Last Sunday, people turned up at polling booths across Switzerland in a referendum to determine whether genetically engineered (GE) crops and animals can be grown in the alpine nation during the next five years. Their verdict in each and every one of the three main languages was the same, nein, non, no, to GE.
Greenpeace action at Nestle headquarters in Switzerland, over repeated discovery of GE ingredients in the company's Asian products.
All 26 cantons (administrative regions) that make up Switzerland
votedunanimously against GE crops and animals being grown in the
country.The national vote was 55.7percent in favour of the ban but
reached a high of 75.8 percent in thefarming canton of Jura. The
farmers of Switzerland are concerned notonly with theuncertain
health effects of GE crops but also that GE contaminationwould ruin
their fast-growing organic farming sector.
The ban doesn't rid Switzerland of GE completely as GE field
trialswill still be allowed under the new moratorium and products
derivingfrom animals fed on GE crops can still be imported into the
country.Pending applications for GE food and animal feed could also
"Greenpeace hopes Switzerland's rejection of GE crops inspires
othersaround the world to stand up and say 'no' to genetic
engineering. Wealso encourage the Swiss public to continue to voice
its opposition tothis highly risky technology. Every route of
contamination must beclosed before people can rest assured their
plants and the food ontheir plates is not contaminated," said Geert
Ritsema, GreenpeaceInternational GE campaigner.
Switzerland is unique in the world in that it allows its
citizens adirect say in how they are governed via regular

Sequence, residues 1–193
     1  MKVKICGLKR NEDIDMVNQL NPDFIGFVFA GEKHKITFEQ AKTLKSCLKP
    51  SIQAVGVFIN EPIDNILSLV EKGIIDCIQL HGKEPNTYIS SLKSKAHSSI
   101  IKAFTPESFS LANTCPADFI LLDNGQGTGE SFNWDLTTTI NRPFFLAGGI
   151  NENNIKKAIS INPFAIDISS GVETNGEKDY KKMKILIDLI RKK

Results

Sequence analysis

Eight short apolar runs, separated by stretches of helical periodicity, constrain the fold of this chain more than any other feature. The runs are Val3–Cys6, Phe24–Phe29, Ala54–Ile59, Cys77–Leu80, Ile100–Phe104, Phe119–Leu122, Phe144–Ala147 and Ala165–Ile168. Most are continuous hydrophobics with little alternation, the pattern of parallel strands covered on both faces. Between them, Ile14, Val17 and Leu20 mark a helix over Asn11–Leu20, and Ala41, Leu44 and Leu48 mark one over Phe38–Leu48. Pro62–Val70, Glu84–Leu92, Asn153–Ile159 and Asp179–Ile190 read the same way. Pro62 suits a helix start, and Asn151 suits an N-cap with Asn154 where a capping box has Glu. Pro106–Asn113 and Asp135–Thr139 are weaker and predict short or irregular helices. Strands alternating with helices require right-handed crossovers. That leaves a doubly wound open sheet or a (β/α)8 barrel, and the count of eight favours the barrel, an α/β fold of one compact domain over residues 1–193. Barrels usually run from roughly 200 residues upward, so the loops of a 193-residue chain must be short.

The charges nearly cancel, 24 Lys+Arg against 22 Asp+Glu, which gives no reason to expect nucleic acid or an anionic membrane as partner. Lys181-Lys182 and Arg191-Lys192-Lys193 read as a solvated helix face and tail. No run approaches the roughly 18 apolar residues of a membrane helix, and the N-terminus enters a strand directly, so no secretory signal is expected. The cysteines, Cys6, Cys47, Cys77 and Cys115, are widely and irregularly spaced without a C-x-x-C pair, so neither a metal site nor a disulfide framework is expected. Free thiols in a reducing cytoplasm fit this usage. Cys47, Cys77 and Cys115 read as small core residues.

referenda. With thelatest vote going against GE, the biotech
companies like Monsanto andSwitzerland's own Syngenta must be
hoping that the democratic urgedoesn't escape the land-locked
country and spread to other lands.
The people of Switzerland are fortunate that their government
takesinto account their views before deciding important issues like
therelease of GE crops into the environment. Across many parts of
theworld, public opinion is similarly in opposition. But
somegovernments, seduced by promises of riches, havebeen quick to
bypass or suppress public opposition and grant permissionfor
biotech companies to contaminate the environment with
With the US, Canada and Argentina trying to force GE food onto
the WTO, the Swiss vote shows that the pro-GE forces arelosing
their grip. The rights of people to determine what food
ispermissible from the farm gate to their dining table must be
respected.With the Swiss voting against GE crops, the biotech
industry must nowrealise what the opinion polls across the world
has been showing for along time, people don't want GE food.
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